Yoga is an effective alternative to physical therapy for easing low back pain

1. Education serves as the most effective method of therapy for chronic lower back pain.

2. Yoga and physical therapy result in similar outcomes in treating chronic lower back pain. 

Evidence rating level: 1 (Excellent)

Study Rundown: Chronic low back pain is a major cause of disability worldwide. In the United States alone, 10% of adults are affected by this condition. While many therapies exist for treatment of chronic low back pain, there is little evidence comparing more traditional treatments, like physical therapy, with novel ones, like yoga. As a result, the authors of this study aimed to determine whether yoga is non inferior for treatment of chronic low back pain compared to physical therapy. This study has several limitations. First, the study may have bias related to a disproportionate loss to follow up for the physical therapy group. Additionally, the participants were not blinded to their study group. However, to address this limitation, the study was presented as comparing three credible treatments. Overall, the results of the study indicate that yoga is non inferior to physical therapy and may serve as an effective alternate therapy for chronic lower back pain.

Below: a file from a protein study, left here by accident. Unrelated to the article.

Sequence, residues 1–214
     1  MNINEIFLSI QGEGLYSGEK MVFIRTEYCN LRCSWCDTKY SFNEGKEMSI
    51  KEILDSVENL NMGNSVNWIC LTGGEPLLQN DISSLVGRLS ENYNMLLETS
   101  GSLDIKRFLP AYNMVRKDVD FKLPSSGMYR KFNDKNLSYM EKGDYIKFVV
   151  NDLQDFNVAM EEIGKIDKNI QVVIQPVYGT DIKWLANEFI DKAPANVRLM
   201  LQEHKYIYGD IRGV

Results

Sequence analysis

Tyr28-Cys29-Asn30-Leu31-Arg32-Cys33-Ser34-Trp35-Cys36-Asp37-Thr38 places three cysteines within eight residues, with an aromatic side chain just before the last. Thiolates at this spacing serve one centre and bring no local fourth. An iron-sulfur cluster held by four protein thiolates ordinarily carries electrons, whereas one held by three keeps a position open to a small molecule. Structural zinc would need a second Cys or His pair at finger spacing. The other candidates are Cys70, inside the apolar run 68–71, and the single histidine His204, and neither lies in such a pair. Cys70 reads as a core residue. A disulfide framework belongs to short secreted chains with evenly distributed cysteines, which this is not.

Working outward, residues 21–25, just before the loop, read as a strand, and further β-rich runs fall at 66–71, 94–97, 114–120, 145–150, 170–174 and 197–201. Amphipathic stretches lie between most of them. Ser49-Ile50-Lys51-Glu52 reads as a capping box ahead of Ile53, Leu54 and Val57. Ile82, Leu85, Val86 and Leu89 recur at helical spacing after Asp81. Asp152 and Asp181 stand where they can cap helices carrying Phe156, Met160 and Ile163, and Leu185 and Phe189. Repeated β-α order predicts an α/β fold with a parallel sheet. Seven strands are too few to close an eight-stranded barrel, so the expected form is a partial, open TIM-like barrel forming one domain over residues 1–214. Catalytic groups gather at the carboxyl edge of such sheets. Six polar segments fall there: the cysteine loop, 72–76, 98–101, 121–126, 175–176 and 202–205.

Click to read the study in the Annals of Internal Medicine

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In-Depth [randomized control trial]: The authors conducted a 12 week, single-blind, three group randomized non-inferiority trial. This trial was followed up with a 40 week maintenance phase. The study groups included either 12 weeks of yoga, physical therapy, or educational materials. Outcomes consisted of back function, measured by Roland Morris Disability Questionnaire (RMDQ), and pain, as well as several secondary outcomes. In general, it was observed that education as treatment was superior to both physical therapy and yoga in terms of back function. For example, the mean RMDQ score for yoga at 12 weeks was 11.0 (SD 4.9) and 11.3 (SD 5.1) for physical therapy, compared to 12.3 (SD 5.0) for education. Additionally, one sided 95% confidence intervals were 0.83 (RMDQ) and 0.97 (pain) for yoga compared to physical therapy. These results suggest that yoga is non inferior to physical therapy as treatment for chronic low back pain.

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